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03.08.2020 Feature Article

Crossing the Creepy Line: Google, Deception and the ACCC

Dr. Binoy Kampmark was a Commonwealth Scholar at Selwyn College, Cambridge.  He lectures at RMIT University, Melbourne.
LISTEN AUG 3, 2020
Dr. Binoy Kampmark was a Commonwealth Scholar at Selwyn College, Cambridge.  He lectures at RMIT University, Melbourne.

Belief in Google’s promises is much like believing in virgin births. For a company so proud of its pursuit of a transparent information environment, it has remained committedly opaque about informing customers on the way it gathers user data. Statements from the company over the years have not been reassuring and should foster prolonged scepticism and dread. “Google policy,” former Google executive Eric Schmidt explained with flesh-crawling discomfort in 2010, “is to get right up to the creepy line and not cross it.” Don’t bother typing at all, he claimed. “We now where you are. We know where you’ve been. We can more or less know what you’re thinking about.” Always a charmer.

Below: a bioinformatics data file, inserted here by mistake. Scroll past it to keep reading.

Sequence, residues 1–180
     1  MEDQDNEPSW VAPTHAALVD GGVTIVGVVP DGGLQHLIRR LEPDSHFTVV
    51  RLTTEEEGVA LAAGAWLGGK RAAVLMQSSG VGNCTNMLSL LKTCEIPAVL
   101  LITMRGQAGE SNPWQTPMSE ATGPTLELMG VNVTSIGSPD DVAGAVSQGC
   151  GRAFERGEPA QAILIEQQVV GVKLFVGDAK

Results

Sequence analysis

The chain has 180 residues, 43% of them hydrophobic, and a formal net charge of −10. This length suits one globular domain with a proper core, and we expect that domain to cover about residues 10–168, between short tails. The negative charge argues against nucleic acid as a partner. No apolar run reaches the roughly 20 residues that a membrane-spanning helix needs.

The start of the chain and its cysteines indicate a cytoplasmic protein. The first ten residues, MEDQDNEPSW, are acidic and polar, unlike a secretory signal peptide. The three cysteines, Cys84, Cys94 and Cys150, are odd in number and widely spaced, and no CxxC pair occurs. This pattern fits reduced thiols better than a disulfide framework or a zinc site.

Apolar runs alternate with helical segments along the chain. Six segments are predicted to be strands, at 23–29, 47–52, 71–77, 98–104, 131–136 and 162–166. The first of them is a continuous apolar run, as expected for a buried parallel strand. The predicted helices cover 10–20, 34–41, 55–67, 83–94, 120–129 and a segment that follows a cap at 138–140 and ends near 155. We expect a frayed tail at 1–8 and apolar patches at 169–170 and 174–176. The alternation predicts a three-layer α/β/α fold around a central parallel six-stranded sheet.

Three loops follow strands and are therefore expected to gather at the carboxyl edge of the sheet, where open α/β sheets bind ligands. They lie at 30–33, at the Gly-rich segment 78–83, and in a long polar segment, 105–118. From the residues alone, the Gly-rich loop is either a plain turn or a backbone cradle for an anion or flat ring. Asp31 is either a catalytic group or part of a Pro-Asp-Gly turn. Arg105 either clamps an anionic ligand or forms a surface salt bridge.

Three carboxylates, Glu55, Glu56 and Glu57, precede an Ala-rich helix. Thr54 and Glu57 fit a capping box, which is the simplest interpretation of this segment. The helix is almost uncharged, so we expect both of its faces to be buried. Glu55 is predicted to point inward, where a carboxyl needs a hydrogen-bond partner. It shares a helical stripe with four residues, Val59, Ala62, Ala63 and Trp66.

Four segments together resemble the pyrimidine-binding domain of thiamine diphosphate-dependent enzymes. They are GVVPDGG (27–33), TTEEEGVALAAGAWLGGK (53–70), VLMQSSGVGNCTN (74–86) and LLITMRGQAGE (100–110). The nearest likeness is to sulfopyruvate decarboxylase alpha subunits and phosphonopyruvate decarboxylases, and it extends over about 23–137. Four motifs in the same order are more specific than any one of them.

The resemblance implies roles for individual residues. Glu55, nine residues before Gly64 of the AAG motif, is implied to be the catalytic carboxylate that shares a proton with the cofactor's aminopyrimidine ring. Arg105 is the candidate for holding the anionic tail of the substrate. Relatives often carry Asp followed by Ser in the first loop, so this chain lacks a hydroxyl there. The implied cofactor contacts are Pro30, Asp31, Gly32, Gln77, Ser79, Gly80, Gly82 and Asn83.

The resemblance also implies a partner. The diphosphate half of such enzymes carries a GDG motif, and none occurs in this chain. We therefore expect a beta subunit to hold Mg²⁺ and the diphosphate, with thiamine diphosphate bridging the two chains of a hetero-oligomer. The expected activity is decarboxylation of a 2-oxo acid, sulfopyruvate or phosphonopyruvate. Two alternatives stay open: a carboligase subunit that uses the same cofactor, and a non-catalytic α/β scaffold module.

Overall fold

The Australian Competition and Consumer Commission is yet another regulatory body that has thrown itself into the fray, taking its second case against Google in the Australian Federal Court. Central to this action is the claim that will come as little surprise to watchers of the Silicon Valley scene: the instance of “deception by design”.

In the words of ACCC chairman Rod Sims, Google need merely have said “if you agree to this, we’re going to combine the personally identifiable information we have on your Google account with your browsing activity on non-Google sites, if you agree. If you agree, here’s the benefits and here are the issues, but make it really clear.”